The Connecticut River drive was the greatest one in all the Northeast. No other river was driven for so many years, no other drive went so many miles—four hundred down to Hartford, two hundred and fifty in later years to Holyoke and Mt. Tom. It was more than an ordinary log drive; it was practically an institution. The first long-log drive went down the Connecticut from the head waters in 1869, and every year thereafter until 1915. After that, pulpwood was driven in four-foot bolts until 1929. Over on the Androscoggin, the Brown Company still drives pulpwood, although the last of the long logs came down in 1930. Since then the riverman has been out of work.
The Connecticut River drive ended in a burst of glory. The Connecticut Valley Lumber Company owned most of northern New Hampshire and much of adjacent Vermont and Maine. The company was owned and headed by George Van Dyke, a two-fisted ex-riverman of the old school. He didn't own a pair of shoes until he was twelve years old, but in the spring of 1909 he died a millionaire in a tragic accident when his chauffeur-driven car backed over a cliff at Turners Falls, having come too close to the bank so that he might view the driving crew picking a jam in the river.
In 1914, Stone & Webster, a firm of Boston engineers, bought the company because they wanted the waterpower rights on the headwaters of the Connecticut. That winter, 1914-1915, it had more than three thousand men in the woods, and the word went out that the next spring would be the last long-log drive. It was the most exciting news that had hit the North Country since the Indian Stream War in 1835. Men talked about it in saloons and on street corners; they argued about it and fought about it; they said that it just couldn't be true. Many of them swore that logs would be driven down the Connecticut until the end of time. But before the ice went out, the rumor received official confirmation. The C.V.L. said that there would never be another sawlog rolled into the Upper Connecticut.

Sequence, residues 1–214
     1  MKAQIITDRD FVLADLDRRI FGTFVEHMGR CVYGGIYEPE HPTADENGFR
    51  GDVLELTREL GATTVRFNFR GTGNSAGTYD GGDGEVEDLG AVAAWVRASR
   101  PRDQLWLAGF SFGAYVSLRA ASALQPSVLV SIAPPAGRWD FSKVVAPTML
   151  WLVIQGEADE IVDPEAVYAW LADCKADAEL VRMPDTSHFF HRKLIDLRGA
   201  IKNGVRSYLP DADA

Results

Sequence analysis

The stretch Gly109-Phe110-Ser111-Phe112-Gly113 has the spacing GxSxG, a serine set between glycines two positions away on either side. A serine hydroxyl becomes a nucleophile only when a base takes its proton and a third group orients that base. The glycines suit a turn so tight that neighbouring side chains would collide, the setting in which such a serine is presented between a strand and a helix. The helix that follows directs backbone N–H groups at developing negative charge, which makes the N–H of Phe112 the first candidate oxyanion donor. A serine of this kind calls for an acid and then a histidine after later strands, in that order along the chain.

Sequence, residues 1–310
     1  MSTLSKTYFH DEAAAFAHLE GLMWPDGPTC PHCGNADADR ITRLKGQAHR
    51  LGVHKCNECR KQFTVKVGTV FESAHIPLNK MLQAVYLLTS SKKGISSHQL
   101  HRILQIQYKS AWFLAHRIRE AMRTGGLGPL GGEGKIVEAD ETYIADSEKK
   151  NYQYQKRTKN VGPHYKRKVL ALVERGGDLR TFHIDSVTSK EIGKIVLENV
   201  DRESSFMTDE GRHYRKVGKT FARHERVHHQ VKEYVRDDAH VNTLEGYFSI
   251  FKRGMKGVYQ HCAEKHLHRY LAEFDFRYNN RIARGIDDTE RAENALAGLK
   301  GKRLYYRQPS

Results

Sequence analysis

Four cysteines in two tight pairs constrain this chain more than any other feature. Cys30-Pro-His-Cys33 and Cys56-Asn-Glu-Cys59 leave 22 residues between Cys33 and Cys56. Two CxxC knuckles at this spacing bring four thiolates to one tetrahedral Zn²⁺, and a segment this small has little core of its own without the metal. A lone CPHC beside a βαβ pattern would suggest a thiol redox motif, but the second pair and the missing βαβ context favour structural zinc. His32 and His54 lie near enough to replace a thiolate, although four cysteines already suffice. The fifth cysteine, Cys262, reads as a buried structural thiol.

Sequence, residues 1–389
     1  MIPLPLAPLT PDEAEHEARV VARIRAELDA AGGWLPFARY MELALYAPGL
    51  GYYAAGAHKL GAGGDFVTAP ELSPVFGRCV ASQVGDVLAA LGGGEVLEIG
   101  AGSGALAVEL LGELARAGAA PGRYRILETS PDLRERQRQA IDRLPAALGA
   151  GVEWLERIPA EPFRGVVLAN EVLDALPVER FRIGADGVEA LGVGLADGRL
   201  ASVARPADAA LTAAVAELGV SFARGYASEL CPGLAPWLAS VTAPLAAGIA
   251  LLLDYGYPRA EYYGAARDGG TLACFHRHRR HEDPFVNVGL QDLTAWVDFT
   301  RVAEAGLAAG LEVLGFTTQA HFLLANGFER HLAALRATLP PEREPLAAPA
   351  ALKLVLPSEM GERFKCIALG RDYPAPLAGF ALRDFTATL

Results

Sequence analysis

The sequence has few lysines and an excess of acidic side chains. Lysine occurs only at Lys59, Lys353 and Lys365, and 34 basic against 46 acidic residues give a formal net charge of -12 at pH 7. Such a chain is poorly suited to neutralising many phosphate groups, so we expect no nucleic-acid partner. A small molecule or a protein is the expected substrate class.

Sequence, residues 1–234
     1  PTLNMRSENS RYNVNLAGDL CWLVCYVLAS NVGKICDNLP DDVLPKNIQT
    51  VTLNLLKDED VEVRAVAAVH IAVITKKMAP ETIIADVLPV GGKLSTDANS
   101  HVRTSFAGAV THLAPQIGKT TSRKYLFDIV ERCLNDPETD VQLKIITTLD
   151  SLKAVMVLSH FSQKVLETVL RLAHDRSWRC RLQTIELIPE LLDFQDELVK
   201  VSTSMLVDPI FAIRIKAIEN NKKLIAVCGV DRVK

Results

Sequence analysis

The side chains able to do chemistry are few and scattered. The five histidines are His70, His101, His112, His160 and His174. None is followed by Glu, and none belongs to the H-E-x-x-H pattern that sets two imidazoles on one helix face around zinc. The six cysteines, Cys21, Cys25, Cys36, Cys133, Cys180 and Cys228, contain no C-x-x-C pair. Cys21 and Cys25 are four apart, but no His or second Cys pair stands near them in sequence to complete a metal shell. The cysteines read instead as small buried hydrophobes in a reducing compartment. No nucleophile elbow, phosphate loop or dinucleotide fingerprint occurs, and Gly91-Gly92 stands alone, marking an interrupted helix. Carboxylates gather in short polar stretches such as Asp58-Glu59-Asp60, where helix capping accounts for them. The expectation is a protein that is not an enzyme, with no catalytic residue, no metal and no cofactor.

Then everybody wanted to get onto the drive. It was the last chance for the young men to carve their names on the North Country totem pole of glory, so to speak, while the old-timers wanted to give it one more whirl. There were men in the border towns who had gone down with every drive since 1869.